However, high interest in mobile apps for mental health does not automatically mean high involvement in using them over time which affects the effectiveness of mobile interventions (10–12). Mental health apps have high dropout rates and a very low user engagement over time, not only in clinical trials but also in the real-world (13).
Some authors argue that this situation is due to negative or positive symptomatology or cognitive disfunction (3, 14), however it could also be cause by a poor user experience and usability. A study from Alqahtani and Orji (15) said that poor usability, lack of a content variety and personalization, lack of customer service, and security and privacy issues are the most common reason for abandoning mental health apps. Other authors claim that user experience does not predict sustained engagement with mental health apps and that it is necessary to define what sustained engagement means in this scope, what leads to it, and how to create products that achieve it (16). There are several engagement definitions (17) and defining meaningful engagement for digital mental health interventions remains a challenge as well as comparing engagement across studies or tools (18). A good example of engagement definition within digital interventions can be translated as “the extent (e.g., amount, frequency, duration, depth) of usage and a subjective experience characterized by attention, interest and affect” (19). Being a multidimensional concept, critical for mHealth effectiveness, it is essential to have a clear understanding of which user engagement indicators to report, namely “usability,” “user satisfaction”, “acceptability”, and “feasibility”. Moreover, there are subjective and objective criteria used to assess user engagement indicators, and behavioral measures tend to focus more on product metrics rather than in the recovery process success.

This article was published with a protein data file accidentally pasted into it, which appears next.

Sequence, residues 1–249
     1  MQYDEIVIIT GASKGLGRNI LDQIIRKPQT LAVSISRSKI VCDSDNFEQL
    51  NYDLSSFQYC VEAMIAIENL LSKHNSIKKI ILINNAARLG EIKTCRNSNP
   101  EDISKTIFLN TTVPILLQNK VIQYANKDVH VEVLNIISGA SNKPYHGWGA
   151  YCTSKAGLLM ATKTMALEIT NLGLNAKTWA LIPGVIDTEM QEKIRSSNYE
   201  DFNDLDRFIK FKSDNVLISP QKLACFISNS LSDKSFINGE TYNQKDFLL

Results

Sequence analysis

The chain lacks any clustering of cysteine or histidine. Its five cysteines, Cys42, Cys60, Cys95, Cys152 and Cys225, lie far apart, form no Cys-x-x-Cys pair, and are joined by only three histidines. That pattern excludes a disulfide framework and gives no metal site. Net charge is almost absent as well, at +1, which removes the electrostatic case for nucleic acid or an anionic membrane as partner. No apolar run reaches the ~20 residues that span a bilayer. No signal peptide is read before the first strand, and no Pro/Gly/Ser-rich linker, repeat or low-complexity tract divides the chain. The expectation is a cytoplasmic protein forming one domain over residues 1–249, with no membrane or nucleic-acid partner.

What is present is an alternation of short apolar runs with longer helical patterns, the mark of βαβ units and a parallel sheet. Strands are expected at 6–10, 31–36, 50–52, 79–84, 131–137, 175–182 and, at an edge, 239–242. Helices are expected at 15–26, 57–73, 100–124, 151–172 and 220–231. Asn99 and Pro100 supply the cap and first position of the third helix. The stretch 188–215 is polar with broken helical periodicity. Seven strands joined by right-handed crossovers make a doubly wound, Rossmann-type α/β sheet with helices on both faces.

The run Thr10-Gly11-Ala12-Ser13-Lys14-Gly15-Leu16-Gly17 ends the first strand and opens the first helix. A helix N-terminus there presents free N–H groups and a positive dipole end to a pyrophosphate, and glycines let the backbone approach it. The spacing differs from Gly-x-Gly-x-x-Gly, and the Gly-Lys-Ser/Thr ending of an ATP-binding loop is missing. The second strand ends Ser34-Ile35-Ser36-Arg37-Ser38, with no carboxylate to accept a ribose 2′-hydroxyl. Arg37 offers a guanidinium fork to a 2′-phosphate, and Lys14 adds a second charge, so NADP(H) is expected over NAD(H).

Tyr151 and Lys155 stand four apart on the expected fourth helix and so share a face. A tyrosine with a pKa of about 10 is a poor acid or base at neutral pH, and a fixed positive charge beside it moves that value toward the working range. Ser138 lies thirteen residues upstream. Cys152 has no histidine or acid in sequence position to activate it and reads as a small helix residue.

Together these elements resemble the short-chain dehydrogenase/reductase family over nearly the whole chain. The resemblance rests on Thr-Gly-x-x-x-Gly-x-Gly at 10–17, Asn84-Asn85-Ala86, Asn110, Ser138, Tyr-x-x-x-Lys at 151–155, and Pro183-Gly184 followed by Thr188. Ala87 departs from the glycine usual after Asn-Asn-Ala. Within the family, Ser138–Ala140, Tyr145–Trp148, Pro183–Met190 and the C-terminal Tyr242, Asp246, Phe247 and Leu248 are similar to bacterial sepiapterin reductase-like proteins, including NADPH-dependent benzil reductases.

The definition of success regarding user engagement, means different things to different audiences. For instance, for a patient experiencing acute symptoms, the simple act of logging in the app and asking for support can be seen as a successful experience. For other users that may benefit from regular and repeated interaction with an app, success may be defined by the number and the quality of interactions between the user and the app. Both scenarios have very different definitions of success (20).
There are several models and theories that study engagement strategies. One of these models is the Persuasive System Design (PSD), a framework that defines four different mechanisms to increase user engagement by (1) focus on the central purpose of the app, (2) promoting user-app interactions, (3) foster social relationships between users and other profiles, and (4) increasing app credibility (21). Some mHealth apps use game-design elements to foment and maintain health-behavior outcomes. Although evidence suggests that gamification can boost health-behavioral outcomes, the results are not consistent and does not guarantee long-term use and adherence to mHealth (22).
Some authors argue that strategies complementary to the app's core feature such as reminders, feedback, coaching and peer support, tend to increase user engagement. Still, the absence of a common criteria that can measure engagement and usability across studies, makes it harder to distinguish which of the studies around the subject really bring some improvement on user engagement, regardless of the common claims of success by most of these works (18).
Despite the promise made by some mHealth apps for people with schizophrenia that enable them to self-manage their illness, adoption rates are relatively low and long-term user engagement is still an issue. Thus, in this scoping review we aim to identify:
(1) What strategies are applied to improve user engagement with mobile apps for schizophrenia self-management?
(2) What factors result in better user engagement for people with schizophrenia?
(3) How user engagement is being measured?
Materials and methods